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Rediscovering the Fourth-Grade Slump in a study of children’s self-concept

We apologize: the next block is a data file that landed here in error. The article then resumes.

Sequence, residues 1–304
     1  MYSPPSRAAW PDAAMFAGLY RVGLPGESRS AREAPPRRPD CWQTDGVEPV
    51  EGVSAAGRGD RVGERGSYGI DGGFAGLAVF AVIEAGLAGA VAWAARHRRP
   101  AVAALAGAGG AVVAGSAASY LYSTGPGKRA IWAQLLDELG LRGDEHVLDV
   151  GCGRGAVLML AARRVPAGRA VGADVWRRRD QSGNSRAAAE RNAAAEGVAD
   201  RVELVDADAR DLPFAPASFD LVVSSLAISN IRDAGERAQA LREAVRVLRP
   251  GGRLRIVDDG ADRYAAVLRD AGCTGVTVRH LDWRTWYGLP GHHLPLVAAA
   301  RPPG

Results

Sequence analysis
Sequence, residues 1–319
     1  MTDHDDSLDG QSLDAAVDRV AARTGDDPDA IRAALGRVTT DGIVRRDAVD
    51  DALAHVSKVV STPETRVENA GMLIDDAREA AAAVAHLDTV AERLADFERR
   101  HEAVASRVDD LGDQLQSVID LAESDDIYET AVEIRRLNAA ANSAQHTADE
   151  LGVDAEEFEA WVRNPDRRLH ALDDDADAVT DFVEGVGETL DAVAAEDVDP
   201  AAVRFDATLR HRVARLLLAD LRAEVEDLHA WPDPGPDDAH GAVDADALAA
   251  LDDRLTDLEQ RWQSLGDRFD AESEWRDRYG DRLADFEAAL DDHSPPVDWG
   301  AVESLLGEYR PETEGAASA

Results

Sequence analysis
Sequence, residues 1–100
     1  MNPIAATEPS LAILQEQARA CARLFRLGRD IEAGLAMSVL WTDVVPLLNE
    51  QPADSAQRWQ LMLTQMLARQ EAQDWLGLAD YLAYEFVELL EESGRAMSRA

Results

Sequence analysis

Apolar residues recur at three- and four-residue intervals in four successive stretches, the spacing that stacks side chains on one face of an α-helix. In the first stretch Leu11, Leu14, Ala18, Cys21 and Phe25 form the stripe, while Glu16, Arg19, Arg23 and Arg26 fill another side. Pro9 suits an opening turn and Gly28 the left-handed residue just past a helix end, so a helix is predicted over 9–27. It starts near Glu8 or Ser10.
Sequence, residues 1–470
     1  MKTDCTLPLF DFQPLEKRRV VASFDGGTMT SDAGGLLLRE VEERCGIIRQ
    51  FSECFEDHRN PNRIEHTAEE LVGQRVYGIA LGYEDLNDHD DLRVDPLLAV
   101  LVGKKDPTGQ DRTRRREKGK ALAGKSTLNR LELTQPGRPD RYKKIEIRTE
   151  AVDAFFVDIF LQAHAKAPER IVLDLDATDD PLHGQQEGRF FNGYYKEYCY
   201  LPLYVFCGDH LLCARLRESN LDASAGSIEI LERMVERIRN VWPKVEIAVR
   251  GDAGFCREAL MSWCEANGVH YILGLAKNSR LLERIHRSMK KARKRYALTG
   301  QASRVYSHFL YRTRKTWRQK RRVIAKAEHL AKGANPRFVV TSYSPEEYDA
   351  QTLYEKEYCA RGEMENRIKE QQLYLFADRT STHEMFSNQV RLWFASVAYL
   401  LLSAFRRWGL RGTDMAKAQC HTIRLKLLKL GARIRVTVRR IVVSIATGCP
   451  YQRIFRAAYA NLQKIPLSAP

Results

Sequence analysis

Confucius was born in China and lived from 551 until 479 B.C. His teachings are mainly concerned with the practical ethics of daily life without the addition of religious considerations (Chen & Chung, 1994; Millay & Streeter, 2004). Confucianism is the major cultural influence in Chinese-influenced societies including China, Korea, Japan, Vietnam, Hong Kong, Singapore, and Taiwan (Chaves, 2002; Diriik, 1995; Greer & Lim, 1998; Hahm, 2003; Kim & Park, 2003; Martinsons & Martinsons, 1996). However, we cannot expect Confucianism to have the same status, function, or value among these countries when, even within one country, it is respected more in certain regions than in others (Hahm, 2003). In spite of these differences among countries and regions, the philosophy still unites the East Asian people today. The people have both been significantly influenced by the Confucian cultural tradition and by its core values, which serve as the ethical and moral foundation for business and social interactions, and for people’s thinking styles (Chaves, 2002; Diriik, 1995; Greer & Lim, 1998; Hahm, 2003; Kim & Park, 2003; Martinsons & Martinsons, 1996). According to Chen and Chung (1994), the principles of Confucian teaching can be summarized as emphasizing education, family system, hierarchical relationships, and benevolence. These principles can be compared with studies that explored those traits’ impact upon creativity. Therefore, relevant creativity literature involves the connections between creativity and the components of Confucianism. The macro-cultural element of Confucianism can then be combined with the smaller components. In Confucianism, the purpose of education is to help people develop ideal personalities (Liu, 1990, cited in Cheng, 1998). A Confucian gentleman is a person who consciously cultivates, practices, and displays his virtues (Zhang, 2000). The holistic and idealistic model of a human being is a well rounded person with a perfect personality who makes a positive contribution to society (Liu, 1990, cited in Cheng, 1998; Yao, 1999). These characteristics should be fostered in the citizenry through the educational system, and uniform virtues with regard to one’s role in life are instilled. CONFUCIANISM CONFUCIANISM AND CREATIVITY RESEARCH CREATIVITY AND THE FIRST PRINCIPLE OF CONFUCIANISM: EMPHASIS ON EDUCATION 30 Confucianism and Creativity The level of support within the home for homework activities (Henderson, Marx, & Kim, 1999; Kim, 1993; Yao & Kierstead, 1984), and efforts of cooperation between teachers and parents to match home and school environments to promote a consistent learning style for children are very high (e.g., Hong & Lee, 1999). Parents place special emphasis on education in early childhood, engage students in learning, and support their schools, (Haynes & Chalker, 1997; Haynes & Chalker, 1998; Henderson, Marx, & Kim, 1999). Positive influences from Confucianism are that people are highly motivated towards the acquisition of an excellent education, including the strong desire to obtain higher degrees and diplomas (Martinsons & Martinsons, 1996; Sorensen, 1994). Emphasis on education has contributed to the economic growth of Confucian societies (Morris, 1996). Virtues attributed to the economic growth of the East Asian Five Dragons, the so-called East Asian economic miracle (Hahm, 2003), including Hong Kong, Japan, Singapore, Korea, and Taiwan, are skill acquisition, hard work, moderation, p